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Old Jan 24, 2005, 12:48 PM   #1
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We are having snowmobile races this weekend and I would like to try to catch the snowmobiles frozen in motion. I'm wondering about settings for a sunny day...

If I'm going for photos that are mostly filled with a dark snowmobile, surrounded by bright snow, where would I begin with settings on my DRebel? What about the auto white balance thing?

In my amateur mind, I'm thinking I'll need an ISO of 200 or 400 so I don't get graininess, but I also thought I'd need a higher ISO for quicker pix.

Would this be a good place to start or am I way off?

ISO 400


Shutter speed 1/800

AWB - set to sunny day

Any help would be greatly appreciated!!


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Old Jan 24, 2005, 1:04 PM   #2
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The shutter speed you select will depend on the direction that the smowmobiles are moving relative to you. If they are coming towards you (make sure you get out of the way!!) then you can get by with a slower shutter speed than if they are moving across your field of view.

If they are moving across your field of view you will need a faster shutter speed to freeze the action.


This is a nice article on the issues involved.

You can get by with a slower shutter speed if you are skilled at panning...that is following the snowmobile as it moves in front of you. In those shots, the vehicle will be clear and the background show motion blur...which gives an excellent impression of motion.

Many people who photograph races, try to position themselves at locations where action is likely to happen...curves and corners, for example. Also, the vehicles will usually have to slow a bit on the corners so you can catch a better shot.

Good luck and have fun!:-)
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Old Jan 25, 2005, 8:58 AM   #3
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Hi Wgirl. A fairly quick shutter speed will be important. You don't indicate your camera or lense speed, but from you other posts, I gather you have a digi. SLR.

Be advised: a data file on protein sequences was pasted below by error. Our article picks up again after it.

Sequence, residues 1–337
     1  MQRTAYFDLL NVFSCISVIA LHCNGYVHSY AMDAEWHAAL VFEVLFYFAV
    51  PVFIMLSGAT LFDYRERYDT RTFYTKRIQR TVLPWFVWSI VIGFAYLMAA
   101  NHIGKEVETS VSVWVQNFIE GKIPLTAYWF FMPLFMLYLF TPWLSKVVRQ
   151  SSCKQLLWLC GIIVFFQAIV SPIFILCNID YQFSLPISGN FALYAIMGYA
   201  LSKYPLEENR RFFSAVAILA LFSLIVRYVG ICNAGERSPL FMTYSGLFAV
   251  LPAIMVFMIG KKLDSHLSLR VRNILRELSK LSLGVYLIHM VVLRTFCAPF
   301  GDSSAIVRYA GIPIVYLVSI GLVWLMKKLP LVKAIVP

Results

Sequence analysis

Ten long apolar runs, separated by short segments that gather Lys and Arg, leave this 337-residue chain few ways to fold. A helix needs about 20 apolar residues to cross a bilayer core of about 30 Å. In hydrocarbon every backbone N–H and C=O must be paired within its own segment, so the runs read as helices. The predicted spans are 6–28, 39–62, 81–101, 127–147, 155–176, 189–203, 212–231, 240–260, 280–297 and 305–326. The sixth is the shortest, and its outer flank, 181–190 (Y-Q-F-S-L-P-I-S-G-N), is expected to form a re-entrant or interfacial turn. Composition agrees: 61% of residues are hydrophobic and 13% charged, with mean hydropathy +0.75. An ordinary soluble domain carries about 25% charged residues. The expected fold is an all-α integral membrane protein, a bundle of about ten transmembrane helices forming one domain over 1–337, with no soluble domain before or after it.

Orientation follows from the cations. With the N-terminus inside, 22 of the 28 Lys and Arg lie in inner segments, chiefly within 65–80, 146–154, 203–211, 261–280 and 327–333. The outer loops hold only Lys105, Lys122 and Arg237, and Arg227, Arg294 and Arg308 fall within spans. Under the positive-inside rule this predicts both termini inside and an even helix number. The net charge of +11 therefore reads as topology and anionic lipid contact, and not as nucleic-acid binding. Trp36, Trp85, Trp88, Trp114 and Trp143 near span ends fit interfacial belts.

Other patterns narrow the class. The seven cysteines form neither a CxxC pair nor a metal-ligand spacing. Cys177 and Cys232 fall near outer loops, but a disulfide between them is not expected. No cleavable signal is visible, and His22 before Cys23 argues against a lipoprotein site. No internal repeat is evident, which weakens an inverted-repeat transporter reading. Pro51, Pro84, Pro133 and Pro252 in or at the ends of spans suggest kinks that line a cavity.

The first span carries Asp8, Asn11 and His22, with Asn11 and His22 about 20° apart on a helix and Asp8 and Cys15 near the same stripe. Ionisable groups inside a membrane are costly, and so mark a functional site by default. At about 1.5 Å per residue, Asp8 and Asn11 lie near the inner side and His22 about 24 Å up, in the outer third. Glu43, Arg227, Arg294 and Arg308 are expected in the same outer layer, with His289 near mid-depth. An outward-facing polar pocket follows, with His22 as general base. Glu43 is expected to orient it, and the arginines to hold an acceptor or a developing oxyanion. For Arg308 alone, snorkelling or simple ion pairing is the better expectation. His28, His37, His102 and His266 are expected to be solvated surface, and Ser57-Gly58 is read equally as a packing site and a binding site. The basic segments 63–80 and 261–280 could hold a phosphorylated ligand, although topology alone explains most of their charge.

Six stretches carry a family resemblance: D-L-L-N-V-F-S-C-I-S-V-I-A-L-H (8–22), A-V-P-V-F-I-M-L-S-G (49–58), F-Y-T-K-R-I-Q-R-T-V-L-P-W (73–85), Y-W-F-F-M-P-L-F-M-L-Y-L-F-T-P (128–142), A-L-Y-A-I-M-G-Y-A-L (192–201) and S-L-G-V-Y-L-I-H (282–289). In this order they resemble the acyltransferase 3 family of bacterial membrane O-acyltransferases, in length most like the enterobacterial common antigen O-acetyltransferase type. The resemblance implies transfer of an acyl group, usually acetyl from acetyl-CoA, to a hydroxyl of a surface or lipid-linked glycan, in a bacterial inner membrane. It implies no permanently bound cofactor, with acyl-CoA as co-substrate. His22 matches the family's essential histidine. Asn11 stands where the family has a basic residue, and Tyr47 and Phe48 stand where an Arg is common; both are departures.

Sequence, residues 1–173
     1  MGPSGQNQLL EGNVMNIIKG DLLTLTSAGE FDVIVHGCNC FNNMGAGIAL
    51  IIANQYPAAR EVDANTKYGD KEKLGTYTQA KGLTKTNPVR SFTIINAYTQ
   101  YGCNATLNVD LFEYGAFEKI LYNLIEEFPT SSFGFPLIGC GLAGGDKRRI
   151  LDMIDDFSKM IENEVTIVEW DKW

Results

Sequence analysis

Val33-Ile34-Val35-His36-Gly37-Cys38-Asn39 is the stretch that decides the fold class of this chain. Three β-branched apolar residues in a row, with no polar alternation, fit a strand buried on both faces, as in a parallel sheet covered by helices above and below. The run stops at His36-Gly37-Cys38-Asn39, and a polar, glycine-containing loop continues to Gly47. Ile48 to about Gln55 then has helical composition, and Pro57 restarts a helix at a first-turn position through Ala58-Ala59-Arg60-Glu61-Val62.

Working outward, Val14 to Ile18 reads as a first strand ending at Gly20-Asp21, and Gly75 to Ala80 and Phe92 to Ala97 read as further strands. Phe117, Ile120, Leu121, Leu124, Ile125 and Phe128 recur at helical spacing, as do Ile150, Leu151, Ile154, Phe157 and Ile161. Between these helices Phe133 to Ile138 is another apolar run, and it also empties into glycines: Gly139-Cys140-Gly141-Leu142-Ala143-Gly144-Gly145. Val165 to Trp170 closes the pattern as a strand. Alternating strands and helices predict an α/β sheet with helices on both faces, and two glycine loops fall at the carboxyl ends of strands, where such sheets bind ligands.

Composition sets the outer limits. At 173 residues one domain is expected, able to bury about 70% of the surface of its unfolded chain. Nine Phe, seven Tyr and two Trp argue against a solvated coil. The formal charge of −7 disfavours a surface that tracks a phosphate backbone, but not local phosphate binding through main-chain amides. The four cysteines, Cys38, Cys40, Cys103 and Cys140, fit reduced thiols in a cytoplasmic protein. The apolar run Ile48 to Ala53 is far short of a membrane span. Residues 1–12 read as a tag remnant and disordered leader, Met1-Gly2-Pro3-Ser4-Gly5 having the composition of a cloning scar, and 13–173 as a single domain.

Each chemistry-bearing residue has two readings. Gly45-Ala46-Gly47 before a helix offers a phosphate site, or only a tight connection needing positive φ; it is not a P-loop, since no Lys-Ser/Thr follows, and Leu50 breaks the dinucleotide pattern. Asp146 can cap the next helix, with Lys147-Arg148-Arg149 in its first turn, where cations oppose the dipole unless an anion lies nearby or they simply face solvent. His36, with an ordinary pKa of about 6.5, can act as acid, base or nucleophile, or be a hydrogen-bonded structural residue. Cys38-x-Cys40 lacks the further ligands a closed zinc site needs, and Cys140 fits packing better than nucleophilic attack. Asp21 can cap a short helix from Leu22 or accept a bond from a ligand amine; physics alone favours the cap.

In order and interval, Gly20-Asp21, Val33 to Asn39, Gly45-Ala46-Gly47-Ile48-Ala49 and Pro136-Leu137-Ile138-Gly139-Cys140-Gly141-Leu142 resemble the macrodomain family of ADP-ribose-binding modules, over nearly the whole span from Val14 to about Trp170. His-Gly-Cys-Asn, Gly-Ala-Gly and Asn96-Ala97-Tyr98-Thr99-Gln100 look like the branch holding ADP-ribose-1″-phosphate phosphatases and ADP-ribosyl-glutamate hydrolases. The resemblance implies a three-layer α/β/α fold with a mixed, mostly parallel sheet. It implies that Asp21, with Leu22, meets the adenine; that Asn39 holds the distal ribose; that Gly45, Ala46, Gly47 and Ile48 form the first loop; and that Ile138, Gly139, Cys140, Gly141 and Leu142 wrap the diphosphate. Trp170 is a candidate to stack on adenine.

I suggest a higher ISO like 400, shutter speed like 4-600. The real catcher for you will be the apetue to use. You will be shootin in snow [bright] against dark colored snowmobiles. If possable go for a AE mode or manual on your cam; you may want to stop down 1 or even 2 stops because of the bright snow. If we knew your lense and lense speed, a suggestion as to F stop could be made for best bokeh by someone with more experience than me.

If I was shooting, I would shoot a series of shots as soon as I got on site, looking at each one to review exposure. If you have a histogram on your cam, use that, trying to keep the main part of the v mass near the center of your phot. If this is an important event, I might even consider shooting in RAW + JPEG if available so you could make beter adjustment of the photos at home.

Hope this is helpful, someone with more experience can certainly add to this, good luck, stay warm, I heard it gets cold in Wisconson. LOL
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Old Jan 25, 2005, 12:46 PM   #4
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Thanks for the tips. I have a DRebel with a Canon Zoom Lens EF 75-300 mmm

(1:4-5.6). Yes, that histogram will be nice so I can see the washed out areas. My hope is that I remember to try a lot of different things. So often I come home and all the shots look the same and have the same problems. This is part of the learning curve...take risks, look at different angles, change the settings, etc. I've learned a lot from shooting motocross about finding good spots to shoot, but it is just the settings that I always struggle with. I may do a few with the action setting just to have some different shots in case I screw the other settings up too bad. I'm hoping for just a few really good shots...it seems like each time I shoot, I take a ton of shots and end up with one or two I really like, so I'm hoping for the same, but worried about that glare of snow messing me up.

BTW, thanks for the article, Meryl!! It all helps!!

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